Langholm Moor : from Essex to Galloway

It’s been a while because things have been fairly busy for the past few months, but although there have been no posts, the photo archive has continued to accumulate. This includes the usual commuter photos following the changing landscapes and seasons between Colchester and London, but there have also been longer trips to western Scotland, Edinburgh and Chichester. I’ve decided to work in reverse order and post one of the most recent trips first – a visit to Langholm Moor for the IUCN UK Peatland Programme and the Crighton Carbon Centre in order to look at ways of restoring the carbon-capturing capacity of the blanket bogs on this estate. The details of the visit itself – fascinating though it was – are not for this blog, although I do want to heap praise on the estate, the Crighton Carbon Centre and the IUCN UK Peatland Programme for the enthusiasm with which the peatland restoration programme is being approached. This blog, on the other hand, captures the landscapes and cloudscapes – and weather – which were encountered during the train journey between Colchester and Lockerbie, plus a couple of landscapes from around Langholm Moor itself.

The route involved going via London, but there were no opportunities for photography during the journey between Colchester and London, so the landscapes begin north of London, on the Virgin West Coast Line. The weather had been typical of a British summer – i.e. wet and windy – but fortunately the featureless nimbostratus weather had drifted off east towards the continent, leaving a more broken, and therefore more dramatic, sky as we sped north-west past Rugby. I think the brown stalks so widespread by this time of year may be oil-seed rape after harvesting.  Meanwhile the wheat had yet to be harvested:

The powerful vortices associated with wind and rain had flattened extensive parts of the various wheatfield crops, and the threatening sky hinted at more to come.

Further north it seemed that the wheat had not suffered so badly, although the skies were equally dramatic.

Indeed it looked as though we were heading towards the heart of the storm at this point.

Then abruptly the sun broke through and there was, albeit briefly, blue sky above.

Just as quickly it vanished again, as though we’d gone through the calm eye of the storm, and the dramatic skies returned.

Then as we approached Oxenholme and Kendal, gateway to the Lake District (where my career started back in the 1970s), the skies abruptly cleared and we were bathed in glorious sunshine. Picture-book stuff:

The line wound round the hills heading up towards Shap and Penrith, mostly giving opportunities for views to the north and north-west. Due west generally meant photographing directly into the sun, limiting the opportunities for photographs through the train window because any dirt or scratches on the train window simply turn into glaring star-bursts which flood the scene and make for interesting artistic images but lousy landscape photography. Every now and then, however, the sun would disappear behind a small cloud and a view due west was possible.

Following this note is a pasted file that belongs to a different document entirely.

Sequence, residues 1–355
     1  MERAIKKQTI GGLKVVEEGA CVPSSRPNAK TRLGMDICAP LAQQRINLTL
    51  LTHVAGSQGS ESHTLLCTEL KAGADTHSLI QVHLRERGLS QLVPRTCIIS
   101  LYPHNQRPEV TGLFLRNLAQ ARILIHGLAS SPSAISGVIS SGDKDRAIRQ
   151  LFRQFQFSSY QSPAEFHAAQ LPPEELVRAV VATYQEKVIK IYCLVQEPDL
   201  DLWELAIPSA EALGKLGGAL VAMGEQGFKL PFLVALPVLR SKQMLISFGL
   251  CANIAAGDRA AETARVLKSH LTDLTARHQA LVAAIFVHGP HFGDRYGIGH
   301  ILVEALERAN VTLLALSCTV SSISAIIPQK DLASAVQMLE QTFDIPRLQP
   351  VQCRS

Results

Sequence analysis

The winding route past the Howgills is always somewhat breath-taking whether from the train or driving along the M6.

North of Penrith the view east across the intervening fields of the Eden Valley towards Cross Fell, highest point on the Pennines, was wonderfully clear.

The air felt clean-washed – as indeed it was after all the rain of the past week.

A bit of detective work using Google Maps, the excellent Magic Map and the so-useful what3words suggests that the grand building on the right may be Barrock Park, just near the M6 Southwaite Services.

Crossing the River Esk just to the north-west of Carlisle, we approached the Scottish border and the clouds began to gather again.

Within 15 minutes of heading west around Gretna Green, the rain and gloom descended…

The prospect of walking the half-mile or so to my hotel from the station in Lockerbie was starting to look less and less attractive.


But then a little ray of sunshine and a little ray of hope. Off to the west as we approached Lockerbie the sky looked brighter.

…and the rain stopped just as I walked out of the station 🙂

Next day we enjoyed glorious views from the top of Langholm Moor. We could see the coast to the west, almost to Edinburgh to the north, Kielder Forest to the east over the border in England, and way south down to the Lake District. The threatened rain very kindly kept away all day, though several spectacular cloud formations (doubtless with drenching rain beneath) circled us during the course of the day.


Then finally, having been dropped off back at Lockerbie Station, the rain returned to provide a fitting coda and sense of symmetry to the whole trip. First it was brief showers as we headed back to Gretna Green and the English border.

The clouds thickened steadily, so it was a good thing that the farms along the route had been busy…

Then finally, crossing the Esk again, the clouds congealed (it’s the only word to describe it) into a thick layer of stratocumulus and the lights went out, leaving the remainder of the journey rather less interesting than the journey north had been.


 
The South Downs, Chichester, peregrines, Spitfires and painting accidents next time…!

Author: Richard Lindsay

Having worked for 20 years in the UK statutory nature conservation agencies as Peatland Specialist in the Chief Scientist Team, I then moved to the University of East London where I ran the nature conservation degrees for several years. Now I mainly undertake research and support peatland conservation activities, including the IUCN UK Peatland Programme, within UEL's Sustainability Research Institute. I also paint.

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